What Does It Mean for a School to Be Green?

By Fran Agnone, Sustainability Coach and Students from PS 110 The Monitor School

In the midst of Pizza Day in the cafeteria at PS 110 The Monitor School, I was able to pull students away from their slices and ask them to reflect on the school’s greening efforts. As Sustainability Coach at the school, one of my responsibilities is helping green the culture of the school.

I decided to take a random sampling of students from 1st to 5th grade and ask about how we are doing, what we can do better, and how to spread the message outside of the building.  Every student was gracious and excited to put their lunch down for a minute and share their observations and ideas.

Daniel, 2nd grade

What does it mean for a school to be green?

Maya, 1st grade: That we are recycling and doing it very good.

Daniel, 2nd grade: We keep the lunchroom clean, have no garbage on the floor.

L’anya, 3rd grade: We clean up and take care of the lunchroom and put our food in the right place.

Skyla, 4th grade: It’s recycling, reducing, and reusing—the 3 Rs. At PS 110 we do all of these things, like putting our waste in the right place, using plastic bottles for projects, and refilling our bottles.

Diego, 5th grade: For me it means the school is environmentally focused. We recycle and we think about energy use and how important solar and wind energy are at creating less pollution.     

   

L’anya, 3rd grade

Anything we can do better at PS 110?

Daniel: We can push trash down in the cafeteria bins so we can make more room for waste, we’ll make less of a mess and use less trash bags.

L’anya: Some students can do better cleaning up after themselves. We should all pick up all our food at lunch and not leave anything on the floor.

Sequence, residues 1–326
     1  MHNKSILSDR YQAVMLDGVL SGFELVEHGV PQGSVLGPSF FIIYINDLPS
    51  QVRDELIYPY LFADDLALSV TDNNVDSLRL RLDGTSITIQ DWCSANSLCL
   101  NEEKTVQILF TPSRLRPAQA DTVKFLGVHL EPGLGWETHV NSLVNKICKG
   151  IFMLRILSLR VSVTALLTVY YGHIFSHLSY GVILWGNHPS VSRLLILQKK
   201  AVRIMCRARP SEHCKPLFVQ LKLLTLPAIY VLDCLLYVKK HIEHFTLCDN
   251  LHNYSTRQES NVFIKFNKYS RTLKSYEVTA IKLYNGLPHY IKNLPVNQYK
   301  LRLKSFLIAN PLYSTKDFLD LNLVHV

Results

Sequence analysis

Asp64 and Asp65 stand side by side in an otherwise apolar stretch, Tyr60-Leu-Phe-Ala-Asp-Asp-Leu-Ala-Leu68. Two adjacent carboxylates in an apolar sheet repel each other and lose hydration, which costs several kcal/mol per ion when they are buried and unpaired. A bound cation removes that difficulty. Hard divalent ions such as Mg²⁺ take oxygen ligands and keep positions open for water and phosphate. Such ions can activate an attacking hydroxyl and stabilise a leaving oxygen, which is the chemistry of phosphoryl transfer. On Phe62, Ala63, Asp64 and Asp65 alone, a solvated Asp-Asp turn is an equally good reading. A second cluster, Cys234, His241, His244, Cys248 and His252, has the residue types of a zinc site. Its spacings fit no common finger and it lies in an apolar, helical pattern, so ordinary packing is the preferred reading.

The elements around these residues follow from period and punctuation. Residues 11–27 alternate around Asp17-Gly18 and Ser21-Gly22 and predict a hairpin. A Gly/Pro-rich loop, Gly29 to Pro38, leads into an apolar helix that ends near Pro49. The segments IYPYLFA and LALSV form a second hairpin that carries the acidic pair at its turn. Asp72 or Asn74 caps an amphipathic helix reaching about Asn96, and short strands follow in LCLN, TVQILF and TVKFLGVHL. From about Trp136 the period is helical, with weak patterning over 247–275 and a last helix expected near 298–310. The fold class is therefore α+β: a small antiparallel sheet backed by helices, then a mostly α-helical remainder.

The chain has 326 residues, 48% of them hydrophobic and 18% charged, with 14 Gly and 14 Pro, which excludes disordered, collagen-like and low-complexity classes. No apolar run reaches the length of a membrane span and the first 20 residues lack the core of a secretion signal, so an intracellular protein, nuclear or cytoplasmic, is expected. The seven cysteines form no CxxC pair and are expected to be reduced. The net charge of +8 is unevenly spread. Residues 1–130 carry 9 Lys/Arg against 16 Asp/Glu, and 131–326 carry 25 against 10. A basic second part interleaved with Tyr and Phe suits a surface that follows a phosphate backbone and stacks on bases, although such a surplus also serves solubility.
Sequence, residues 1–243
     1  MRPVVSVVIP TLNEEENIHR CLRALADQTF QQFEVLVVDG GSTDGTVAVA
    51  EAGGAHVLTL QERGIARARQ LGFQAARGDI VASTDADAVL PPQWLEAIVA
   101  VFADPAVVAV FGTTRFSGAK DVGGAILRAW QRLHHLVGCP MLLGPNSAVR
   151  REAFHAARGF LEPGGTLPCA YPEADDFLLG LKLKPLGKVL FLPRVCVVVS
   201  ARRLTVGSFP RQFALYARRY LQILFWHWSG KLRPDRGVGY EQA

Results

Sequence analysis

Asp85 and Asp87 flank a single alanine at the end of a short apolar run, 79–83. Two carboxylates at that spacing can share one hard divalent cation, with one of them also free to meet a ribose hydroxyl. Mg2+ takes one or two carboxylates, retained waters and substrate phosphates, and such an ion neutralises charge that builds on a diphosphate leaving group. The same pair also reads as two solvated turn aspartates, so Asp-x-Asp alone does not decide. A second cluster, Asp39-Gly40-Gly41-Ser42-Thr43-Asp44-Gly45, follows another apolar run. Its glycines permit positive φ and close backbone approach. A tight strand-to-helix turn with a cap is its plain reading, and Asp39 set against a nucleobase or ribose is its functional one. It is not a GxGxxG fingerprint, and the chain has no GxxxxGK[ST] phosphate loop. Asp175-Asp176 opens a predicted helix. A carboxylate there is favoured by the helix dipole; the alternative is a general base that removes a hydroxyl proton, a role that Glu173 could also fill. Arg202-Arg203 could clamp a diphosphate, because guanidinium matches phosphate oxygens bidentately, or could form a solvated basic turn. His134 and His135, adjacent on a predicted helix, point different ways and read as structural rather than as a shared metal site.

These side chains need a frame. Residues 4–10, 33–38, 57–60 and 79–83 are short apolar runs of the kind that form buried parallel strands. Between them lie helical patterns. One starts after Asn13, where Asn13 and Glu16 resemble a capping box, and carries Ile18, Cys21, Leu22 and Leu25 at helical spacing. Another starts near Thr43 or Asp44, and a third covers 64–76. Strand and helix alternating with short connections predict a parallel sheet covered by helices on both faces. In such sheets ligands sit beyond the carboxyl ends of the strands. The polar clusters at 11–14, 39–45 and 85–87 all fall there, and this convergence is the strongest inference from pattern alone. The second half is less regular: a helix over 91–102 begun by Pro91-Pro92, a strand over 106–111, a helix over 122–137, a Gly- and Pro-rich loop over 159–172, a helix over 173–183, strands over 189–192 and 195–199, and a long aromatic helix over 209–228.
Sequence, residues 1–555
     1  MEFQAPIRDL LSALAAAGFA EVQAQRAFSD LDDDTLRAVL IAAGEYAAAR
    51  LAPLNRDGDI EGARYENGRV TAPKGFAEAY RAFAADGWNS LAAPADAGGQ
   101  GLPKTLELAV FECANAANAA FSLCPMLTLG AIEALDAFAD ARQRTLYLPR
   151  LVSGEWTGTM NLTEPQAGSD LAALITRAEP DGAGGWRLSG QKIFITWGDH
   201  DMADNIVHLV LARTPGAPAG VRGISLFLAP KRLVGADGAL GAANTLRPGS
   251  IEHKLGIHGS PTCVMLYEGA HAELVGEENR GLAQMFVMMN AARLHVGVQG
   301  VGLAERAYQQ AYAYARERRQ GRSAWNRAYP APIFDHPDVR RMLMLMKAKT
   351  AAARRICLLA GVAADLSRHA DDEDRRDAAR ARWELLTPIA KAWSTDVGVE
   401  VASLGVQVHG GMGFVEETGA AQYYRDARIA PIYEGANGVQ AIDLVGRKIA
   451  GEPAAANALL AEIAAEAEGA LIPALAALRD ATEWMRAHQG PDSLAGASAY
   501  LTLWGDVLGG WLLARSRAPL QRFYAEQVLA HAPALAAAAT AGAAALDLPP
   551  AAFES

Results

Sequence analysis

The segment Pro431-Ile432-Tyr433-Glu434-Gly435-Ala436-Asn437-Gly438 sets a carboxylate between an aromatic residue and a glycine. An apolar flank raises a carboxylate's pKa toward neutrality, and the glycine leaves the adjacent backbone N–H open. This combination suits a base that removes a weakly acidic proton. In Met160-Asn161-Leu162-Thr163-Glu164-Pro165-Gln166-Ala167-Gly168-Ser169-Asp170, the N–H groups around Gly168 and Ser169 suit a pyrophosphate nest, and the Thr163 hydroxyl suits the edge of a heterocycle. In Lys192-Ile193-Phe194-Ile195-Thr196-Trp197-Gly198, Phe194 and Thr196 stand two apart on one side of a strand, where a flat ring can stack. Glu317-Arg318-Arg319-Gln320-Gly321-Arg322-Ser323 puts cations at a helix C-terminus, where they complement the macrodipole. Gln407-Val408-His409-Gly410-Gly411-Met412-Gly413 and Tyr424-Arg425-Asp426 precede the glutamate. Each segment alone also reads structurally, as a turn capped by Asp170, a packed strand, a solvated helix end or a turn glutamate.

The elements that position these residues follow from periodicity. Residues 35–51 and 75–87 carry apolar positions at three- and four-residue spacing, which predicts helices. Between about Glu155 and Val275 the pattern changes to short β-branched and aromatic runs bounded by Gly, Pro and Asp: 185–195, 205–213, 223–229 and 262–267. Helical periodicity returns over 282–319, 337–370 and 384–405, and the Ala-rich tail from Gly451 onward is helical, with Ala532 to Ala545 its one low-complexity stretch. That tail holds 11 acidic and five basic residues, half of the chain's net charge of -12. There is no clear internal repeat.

Skyla: I think we are doing a good job.  

Diego: We’re doing good, but I think we could do better, like using solar power in the building. When my family visited The New York Hall of Science, they used solar energy and I thought that was so smart because it doesn’t cause pollution.  

Skyla, 4th grade

What ideas do you have about what people outside the school do can to be green? Or what we can do at home?

Maya: Instead of letting the garbage trucks sweep the street, we can pick our own litter and put it in the cans.

Daniel: Recycle at home. My brother and I sort the recycling at home.

L’anya: I like to be green at home by recycling, I feed birds and some of the cats in the neighborhood. I take care of nature and other people should too.

Skyla: I helped teach my family to recycle, they were confused about where some plastic goes and how to collect food scraps. I just explained to them why we do it to take care of the earth and they understood.

Diego: At home I have two cacti and a couple of other plants. I also like being outside, my family likes to go green together. It’s fun!

Diego, 5th grade

At the end of lunch, Donovan, in 5th grade happened to ask why I was talking to Diego. I told him that I was interviewing him for the GoGreen blog.

This inspired Donovan to add, “The whole school is doing good at going green. Sometimes people get confused about recycling plastic and paper, but there is always someone to help.”

I asked if we are doing better than last year and he replied, “Oh yeah!” as he walked to the waste bins to recycle his lunch.

Maya, 1st grade

This check-in with a handful of the students at PS 110 was so encouraging! It is very clear how these students are taking the challenge of being green seriously. Next time you meet someone from PS110, ask them questions about going green. They have a lot to share! The best part is, teaching is one of the best ways to reinforce learning, so the more questions we ask these kids, the better they will know how to green their world. Talk about a bright future!

 

By Romey Louangvilay